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Self-isolation if you or someone you live with has symptoms

Last updated 01 April 2020

Self-isolation prevents the spread of coronavirus

Do not leave your home if you have symptoms of coronavirus (COVID-19) or live with someone who does.

Not leaving your home is called self-isolation.

When you self isolate you must:

  • Not leave your home for any reason, other than to exercise once a day – but stay at least 2 metres (3 steps) away from other people
  • Not go out to buy food or collect medicine – order them by phone or online, or ask someone else to drop them off at your home
  • Not have visitors, such as friends and family, in your home

If you have a garden you can use it.

How long to self-isolate

If you have symptoms

If you have symptoms of coronavirus, you'll need to self-isolate for 7 days.

After 7 days:

  • If you do not have a high temperature, you do not need to self-isolate
  • If you still have a high temperature, keep self-isolating until your temperature returns to normal

You do not need to self-isolate if you just have a cough after 7 days. A cough can last for several weeks after the infection has gone.

If you live with someone who has symptoms

If you live with someone who has symptoms, you'll need to self-isolate for 14 days from the day their symptoms started. This is because it can take 14 days for symptoms to appear.

If more than 1 person at home has symptoms, self-isolate for 14 days from the day the first person started having symptoms.

If you get symptoms, self-isolate for 7 days from when your symptoms start, even if it means you're self-isolating for longer than 14 days.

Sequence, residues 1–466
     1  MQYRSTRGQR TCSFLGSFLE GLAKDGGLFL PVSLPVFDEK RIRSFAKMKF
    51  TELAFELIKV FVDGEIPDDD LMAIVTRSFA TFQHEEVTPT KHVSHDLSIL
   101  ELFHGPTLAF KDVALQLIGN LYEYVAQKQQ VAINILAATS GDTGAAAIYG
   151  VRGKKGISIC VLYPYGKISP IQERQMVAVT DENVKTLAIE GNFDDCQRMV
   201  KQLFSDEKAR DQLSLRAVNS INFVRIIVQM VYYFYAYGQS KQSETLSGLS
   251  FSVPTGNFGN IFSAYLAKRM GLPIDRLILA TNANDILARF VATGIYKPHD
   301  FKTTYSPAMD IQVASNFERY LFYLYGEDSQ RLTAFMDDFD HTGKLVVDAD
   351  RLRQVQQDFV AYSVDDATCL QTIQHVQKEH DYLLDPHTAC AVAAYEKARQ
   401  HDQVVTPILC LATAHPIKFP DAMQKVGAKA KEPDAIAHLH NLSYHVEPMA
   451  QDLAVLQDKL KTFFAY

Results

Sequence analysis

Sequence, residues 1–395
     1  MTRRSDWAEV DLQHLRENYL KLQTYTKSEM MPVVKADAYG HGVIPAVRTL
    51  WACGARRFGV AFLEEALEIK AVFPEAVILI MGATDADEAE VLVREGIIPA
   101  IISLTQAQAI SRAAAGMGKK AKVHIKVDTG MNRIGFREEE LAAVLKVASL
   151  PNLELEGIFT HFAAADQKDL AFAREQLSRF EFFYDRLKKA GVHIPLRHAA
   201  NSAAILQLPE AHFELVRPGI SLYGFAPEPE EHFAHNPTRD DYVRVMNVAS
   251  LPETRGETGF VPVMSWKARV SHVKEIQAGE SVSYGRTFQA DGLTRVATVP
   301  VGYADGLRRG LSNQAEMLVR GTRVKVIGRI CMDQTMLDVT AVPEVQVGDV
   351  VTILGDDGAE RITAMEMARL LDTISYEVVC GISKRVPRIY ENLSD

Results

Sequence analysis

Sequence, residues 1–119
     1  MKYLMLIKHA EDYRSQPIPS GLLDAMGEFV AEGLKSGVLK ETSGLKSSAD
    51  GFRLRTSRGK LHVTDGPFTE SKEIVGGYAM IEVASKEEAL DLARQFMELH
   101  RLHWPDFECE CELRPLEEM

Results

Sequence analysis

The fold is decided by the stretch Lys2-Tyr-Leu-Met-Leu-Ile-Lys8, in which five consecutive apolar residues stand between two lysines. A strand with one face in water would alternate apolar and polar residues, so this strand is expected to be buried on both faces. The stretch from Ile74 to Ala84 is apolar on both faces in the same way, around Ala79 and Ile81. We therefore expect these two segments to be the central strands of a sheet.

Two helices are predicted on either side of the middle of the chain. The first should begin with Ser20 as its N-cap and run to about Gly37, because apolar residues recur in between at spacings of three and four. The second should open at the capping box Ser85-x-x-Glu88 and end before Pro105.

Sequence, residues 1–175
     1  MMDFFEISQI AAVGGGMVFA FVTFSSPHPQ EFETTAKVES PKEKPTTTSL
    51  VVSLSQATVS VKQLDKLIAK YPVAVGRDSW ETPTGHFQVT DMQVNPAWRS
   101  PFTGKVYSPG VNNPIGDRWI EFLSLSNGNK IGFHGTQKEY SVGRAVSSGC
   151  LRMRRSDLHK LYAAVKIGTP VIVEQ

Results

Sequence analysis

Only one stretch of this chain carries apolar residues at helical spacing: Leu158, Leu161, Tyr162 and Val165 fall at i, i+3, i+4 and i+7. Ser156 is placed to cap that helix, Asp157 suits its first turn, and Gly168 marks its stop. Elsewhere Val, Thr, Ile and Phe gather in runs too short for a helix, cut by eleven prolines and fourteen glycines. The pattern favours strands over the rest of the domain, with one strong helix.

If you do not get symptoms, you can stop self-isolating after 14 days.

After self-isolation
You still need to stay at home when you finish self-isolating, but you can make 4 types of essential trip:
  • Shopping for essentials (food, medicine, etc) in as few visits to the shop as possible
  • One form of exercise a day, for example a run, walk, or cycle – alone or with members of your household
  • Travelling to and from work where the work absolutely cannot be done from home
  • Any medical need, or to provide care or to help a vulnerable person

If you have symptoms and live with a vulnerable person

If you live with someone who is 70 or over, has a long-term condition, is pregnant or has a weakened immune system, try to arrange for them to stay with friends or family for 14 days.

If you have to stay at home together, try to keep 2 metres (3 steps) away from each other. If possible, try not to share a bed.

Stopping the spread of coronavirus in your home

Follw these NHS recommendations to prevent the spread of coronvirus in your home:

  • Wash your hands with soap and water often - do this for at least 20 seconds
  • Use hand sanitiser gel if soap and water not available
  • Cover your mouth and nose with a tissue or your sleeve (not your hands) when you cough or sneeze
  • Put used tissues in the bin straight away and wash your hands afterwards
  • Clean objects and surfaces you touch often (like door handles, kettles and phones) using your regular cleaning products
  • Clean a shared bathroom each time you use it, for example by wiping the surfaces you have touched
    • Do not share towels, including hand towels and tea towels

    Treating coronavirus symptoms at home

    To keep well while you're at home:

    • Rest and sleep
    • Drink plenty of water to avoid dehydration – drink enough so your pee is light yellow and clear
    • Take paracetamol to lower your temperature

    If you need medical help while self-isolating

    To protect others, do not go to places like a GP surgery, pharmacy or hospital. Stay at home.

    Use the NHS 111 online coronavirus service if